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News Clips - October 12, 2007

From October 5 to October 11, Carnegie Mellon Media Relations counted 530 references to the university in worldwide publications. Here is a sample.


Pioneer in surface chemistry wins Nobel Prize
The Chronicle of Higher Education | October 11
A German scientist, Gerhard Ertl, has won the Nobel Prize in Chemistry for experiments showing how atoms and molecules react on solid surfaces—work that has laid the foundation for the entire field of surface chemistry. ... "The announcement didn't surprise me," said Robert Tilton, a professor of chemical engineering and biomedical engineering at Carnegie Mellon University. "I've known about him since my undergraduate days. He's a pioneer in understanding how metal surfaces increase the rate of chemical reactions."


How stress harms the heart
Time Magazine | October 9
Researchers have long suspected that stress does the body harm, but bulletproof clinical evidence linking stress to heart attacks and other disease has been elusive — partly because stress is such a personal and variable thing. Only recently have such studies started to gather critical mass, and researchers have begun calling on clinicians to include the diagnosis and treatment of stress in the routine care for patients with conditions like AIDS and heart disease. ... Joining her call for intervention is Sheldon Cohen, a psychology professor at Carnegie Mellon University and author of a commentary, which also appears in the current issue of JAMA and examines the effects of psychological stress on a variety of major diseases. Cohen's review of past studies finds that stress — particularly "social stressors" like divorce and the death of a loved one — often triggers clinical depression or worsens it, and causes relapses in people who have recovered.,8599,1669766,00.html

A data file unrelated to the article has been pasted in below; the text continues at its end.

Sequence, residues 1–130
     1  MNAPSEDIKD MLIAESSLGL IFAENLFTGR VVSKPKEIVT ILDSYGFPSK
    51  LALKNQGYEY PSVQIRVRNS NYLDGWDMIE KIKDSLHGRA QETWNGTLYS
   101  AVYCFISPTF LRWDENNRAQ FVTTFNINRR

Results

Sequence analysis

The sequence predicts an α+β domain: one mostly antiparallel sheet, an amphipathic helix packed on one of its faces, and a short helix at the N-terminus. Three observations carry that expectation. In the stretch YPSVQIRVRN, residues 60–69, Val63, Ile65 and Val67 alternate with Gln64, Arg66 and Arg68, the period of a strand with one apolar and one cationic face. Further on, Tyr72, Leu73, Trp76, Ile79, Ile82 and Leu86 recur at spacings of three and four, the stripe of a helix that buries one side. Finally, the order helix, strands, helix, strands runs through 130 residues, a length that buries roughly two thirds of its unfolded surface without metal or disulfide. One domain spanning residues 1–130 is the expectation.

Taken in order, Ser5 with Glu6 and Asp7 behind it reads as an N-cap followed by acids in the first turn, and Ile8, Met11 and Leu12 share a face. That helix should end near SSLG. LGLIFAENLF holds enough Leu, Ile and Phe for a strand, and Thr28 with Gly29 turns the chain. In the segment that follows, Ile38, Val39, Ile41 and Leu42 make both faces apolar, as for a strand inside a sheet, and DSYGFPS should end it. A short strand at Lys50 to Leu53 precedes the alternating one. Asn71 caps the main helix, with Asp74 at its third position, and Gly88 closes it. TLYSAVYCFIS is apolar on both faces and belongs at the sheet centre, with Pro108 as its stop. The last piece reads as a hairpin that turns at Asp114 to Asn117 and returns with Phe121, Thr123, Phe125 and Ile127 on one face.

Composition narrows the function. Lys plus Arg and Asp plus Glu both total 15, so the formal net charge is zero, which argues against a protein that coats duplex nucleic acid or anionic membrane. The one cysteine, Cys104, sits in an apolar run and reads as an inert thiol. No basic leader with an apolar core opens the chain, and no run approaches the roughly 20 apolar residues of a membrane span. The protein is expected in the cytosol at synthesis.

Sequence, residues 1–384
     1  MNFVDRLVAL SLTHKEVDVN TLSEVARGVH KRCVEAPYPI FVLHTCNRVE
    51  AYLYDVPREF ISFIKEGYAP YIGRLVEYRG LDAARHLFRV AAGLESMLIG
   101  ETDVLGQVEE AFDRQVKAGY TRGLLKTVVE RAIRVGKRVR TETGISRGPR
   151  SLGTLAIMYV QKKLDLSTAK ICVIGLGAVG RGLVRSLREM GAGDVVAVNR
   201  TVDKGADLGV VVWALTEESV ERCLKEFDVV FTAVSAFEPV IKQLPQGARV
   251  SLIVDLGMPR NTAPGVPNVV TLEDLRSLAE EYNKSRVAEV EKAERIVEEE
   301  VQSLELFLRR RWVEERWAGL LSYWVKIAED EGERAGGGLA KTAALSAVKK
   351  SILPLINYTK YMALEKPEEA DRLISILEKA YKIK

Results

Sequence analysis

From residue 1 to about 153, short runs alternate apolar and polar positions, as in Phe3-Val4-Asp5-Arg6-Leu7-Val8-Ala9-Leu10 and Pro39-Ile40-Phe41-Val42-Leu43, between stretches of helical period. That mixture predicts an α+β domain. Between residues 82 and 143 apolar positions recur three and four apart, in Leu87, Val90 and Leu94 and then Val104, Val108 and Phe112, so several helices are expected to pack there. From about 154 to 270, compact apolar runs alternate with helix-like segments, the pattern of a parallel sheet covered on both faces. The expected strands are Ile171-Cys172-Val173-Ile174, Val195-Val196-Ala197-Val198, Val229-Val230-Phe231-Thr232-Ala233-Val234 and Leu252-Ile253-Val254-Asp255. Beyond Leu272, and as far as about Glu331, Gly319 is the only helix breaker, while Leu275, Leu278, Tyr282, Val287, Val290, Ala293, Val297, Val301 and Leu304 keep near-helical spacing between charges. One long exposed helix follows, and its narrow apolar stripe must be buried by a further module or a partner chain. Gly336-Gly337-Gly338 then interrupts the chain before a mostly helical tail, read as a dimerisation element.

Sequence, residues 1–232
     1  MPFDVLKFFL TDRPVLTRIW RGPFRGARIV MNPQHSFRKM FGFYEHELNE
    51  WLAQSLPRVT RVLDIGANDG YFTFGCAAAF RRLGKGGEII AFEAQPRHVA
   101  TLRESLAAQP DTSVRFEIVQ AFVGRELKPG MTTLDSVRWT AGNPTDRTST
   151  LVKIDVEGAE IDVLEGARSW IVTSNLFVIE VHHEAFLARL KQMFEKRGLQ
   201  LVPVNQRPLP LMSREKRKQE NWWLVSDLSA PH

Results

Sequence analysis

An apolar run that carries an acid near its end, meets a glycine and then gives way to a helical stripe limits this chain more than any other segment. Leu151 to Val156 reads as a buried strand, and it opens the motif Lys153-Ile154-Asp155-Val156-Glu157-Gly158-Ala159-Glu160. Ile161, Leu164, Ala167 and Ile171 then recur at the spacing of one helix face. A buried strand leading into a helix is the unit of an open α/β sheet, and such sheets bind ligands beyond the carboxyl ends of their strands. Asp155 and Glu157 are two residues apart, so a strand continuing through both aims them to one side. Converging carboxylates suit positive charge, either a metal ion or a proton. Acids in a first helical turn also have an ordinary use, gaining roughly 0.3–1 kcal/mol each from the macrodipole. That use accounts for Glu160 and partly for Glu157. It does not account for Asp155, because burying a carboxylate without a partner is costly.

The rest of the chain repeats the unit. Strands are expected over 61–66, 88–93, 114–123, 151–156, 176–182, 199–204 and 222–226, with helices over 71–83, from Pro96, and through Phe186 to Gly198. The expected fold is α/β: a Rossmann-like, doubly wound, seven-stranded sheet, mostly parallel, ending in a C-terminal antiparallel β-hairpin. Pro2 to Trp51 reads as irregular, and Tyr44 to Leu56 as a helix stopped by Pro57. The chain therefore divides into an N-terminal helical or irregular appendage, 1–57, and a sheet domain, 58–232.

Nothing can kill drive and inspiration like a long wait
The Wall Street Journal | October 9
Home life has its interminable waits: for the clothes to dry, for the MIA cable guy or for a renovation. But at work, waiting is often endemic. The specialization of office tasks creates an interdependence of staffers that makes every move susceptible to delays that can slip toward forever. A project can only be as speedy as its most sluggish participant. ... Research shows that waiting for uncertain outcomes can be more uncomfortable than adjusting to the worst of them, which explains why impending mergers and reorganizations drive people mad. In a paper to be presented later this month, George Loewenstein, a professor of economics and psychology at Carnegie Mellon University, studied people who underwent colostomies, or intestinal bypasses. Half of them had the possibility of having it reversed; for the others it was permanent.


Zoellick charts inclusive course at World Bank
The Wall Street Journal | October 9
The World Bank's new president, Robert Zoellick, has put an end to a staff insurrection at the bank by styling himself as the opposite of his predecessor, Paul Wolfowitz, a former Pentagon official. ... Conservative critics argue that the bank no longer has a role to play in China and other nations that can finance development projects from their bulging financial reserves or from global markets. They say Mr. Zoellick already has gone soft. Pointing to Mr. Zoellick's goal of increasing lending and other services to developing nations, Allan Meltzer, a Carnegie Mellon economist, says he already "has shown he won't make major reforms at the bank." Mr. Meltzer chaired a commission in 2000 that recommended overhauling the bank so it focused on giving grants -- not loans -- to the world's poorest nations.


Google and I.B.M. join 'cloud computing' research
The New York Times | October 8
Even the nation’s elite universities do not provide the technical training needed for the kind of powerful and highly complex computing Google is famous for, say computer scientists. So Google and I.B.M. are announcing today a major research initiative to address that shortcoming. ... “We in academia and the government labs have not kept up with the times,” said Randal E. Bryant, dean of the computer science school at Carnegie Mellon University. “Universities really need to get on board.” Six universities will be involved in the initiative. They are Carnegie Mellon, Massachusetts Institute of Technology, Stanford University, the University of California, Berkeley, the University of Maryland and the University of Washington.